As mentioned in 5.1 Preliminary Injunctive Relief, the respondent has a fixed ten days after service of the preliminary injunction decision to contest it. In principle, the appeal would not suspend the enforcement of the preliminary injunction. In reviewing the grant of the preliminary injunction, the appeals court will consider the matter de novo without deference to the lower court’s findings, including factors such as the enforceability of the preliminary injunction and the scope/extent of the injunction imposed. If the appeal is found to be persuasive, the preliminary injunction decision may be reversed or amended; a decision to reject the appeal may not be further appealed.
If the basis for the preliminary injunction is extinguished as a result of an appeal or the petitioner’s loss in the main action, the respondent must still petition the original court that issued the preliminary injunction to lift the preliminary injunction order.
Appeal Against a First Instance Patent Infringement Decision
In general, an appeal of a first instance decision in a patent infringement dispute should be made to the Intellectual Property and Commercial Court within a fixed 20 days of the service of the decision. The second instance is considered a de novo review that covers questions of facts and questions of law without deference to the first instance court’s fact findings. Per the Intellectual Property and Commercial Court’s internal rules, second instance proceedings should be concluded within two years from the date the case is assigned to a judge, or such case will be recorded as a delayed case. The losing party in the second instance may further appeal the matter to the Supreme Court for a third instance proceeding.
Appeal Against a TIPO Invalidation Decision
Per 1.5 Timing for Main Proceedings on Infringement/Validity, the invalidation proceeding is an administrative proceeding. To contest the TIPO’s decision on an invalidation petition, a party will need to file for an administrative appeal with the Ministry of Economic Affairs (of which the TIPO is a part), and a decision is generally rendered within three months. A party can contest the administrative appeal decision by initiating administrative litigation, the first instance of which will be before the Intellectual Property and Commercial Court. Statistics from the Intellectual Property and Commercial Court for 2022 Q1 to Q3 indicate that administrative litigation generally lasts an average of 207 days. If necessary, the second and final administrative litigation instance will be before the Supreme Administrative Court.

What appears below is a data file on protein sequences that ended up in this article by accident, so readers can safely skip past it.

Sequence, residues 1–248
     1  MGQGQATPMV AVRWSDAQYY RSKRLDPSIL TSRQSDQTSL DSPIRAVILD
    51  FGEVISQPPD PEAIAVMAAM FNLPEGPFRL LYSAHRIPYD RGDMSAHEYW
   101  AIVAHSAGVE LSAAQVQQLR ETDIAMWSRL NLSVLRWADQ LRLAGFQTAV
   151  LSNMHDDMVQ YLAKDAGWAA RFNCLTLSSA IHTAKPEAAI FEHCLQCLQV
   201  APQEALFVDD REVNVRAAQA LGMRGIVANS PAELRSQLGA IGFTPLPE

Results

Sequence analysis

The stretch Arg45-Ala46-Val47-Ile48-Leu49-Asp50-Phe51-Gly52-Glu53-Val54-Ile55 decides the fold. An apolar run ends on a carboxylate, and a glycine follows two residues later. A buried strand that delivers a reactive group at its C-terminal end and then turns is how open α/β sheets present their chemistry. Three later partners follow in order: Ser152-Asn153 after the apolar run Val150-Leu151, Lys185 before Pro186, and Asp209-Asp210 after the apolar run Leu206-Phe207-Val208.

The second instance of a civil patent litigation case is adjudicated by a panel of three judges. As mentioned in 1.12 Experts, if the appeal is brought before the Intellectual Property and Commercial Court, the court has technical officers assisting the judges in understanding the technical issues of the dispute, collecting information and providing analysis.
The third and final instance of a civil patent litigation case is before the Supreme Court and adjudicated by a panel of five judges.
The Intellectual Property Case Adjudication Act stipulates procedural rules for IP rights disputes that take precedence over the general civil/criminal/administrative procedure rules (although those rules still apply for procedural matters not specified in the Intellectual Property Case Adjudication Act). There is, however, no procedural rule dedicated to handling IP rights disputes in relation to life sciences and pharmaceutical products.
A patent holder may request the customs authority in Taiwan to seize inbound goods that the patent holder believes to be infringing by substantiating its allegations in writing and providing a bond equivalent to the estimated value of the imported goods after customs tax. The other party may stay such seizure by providing an amount double that of the bond provided by the patent holder. However, no special rules for life sciences and pharma IP litigation are stipulated for the above customs seizure application.
While arbitration and mediation are available in Taiwan for resolving life sciences disputes, based on the authors' public searches, in practice, a large majority of those disputes are still resolved through court actions.
Settlement or other kinds of agreements entered into by an applicant/holder of a drug permit, a drug patent holder or exclusive licensee that involve the manufacturing, sales or exclusive sales of pharmaceutical products shall be reported to the Taiwan Fair Trade Commission (the authority for competition law) in addition to the MoHW if such agreement involves reverse payments. As such, it is recognised that certain agreements between the aforementioned parties carry antitrust concerns
Although the authors have not found any precedent for antitrust investigations initiated over settlement agreements between the aforementioned parties in public searches, in May 2021, the Taiwan Fair Trade Commission ruled that there was concerted action by two pharmaceutical companies in their use of an “exclusive distributor agreement” to cause one company to pay royalties and become the exclusive distributor of the other company as the distributor has never sold the other company’s products.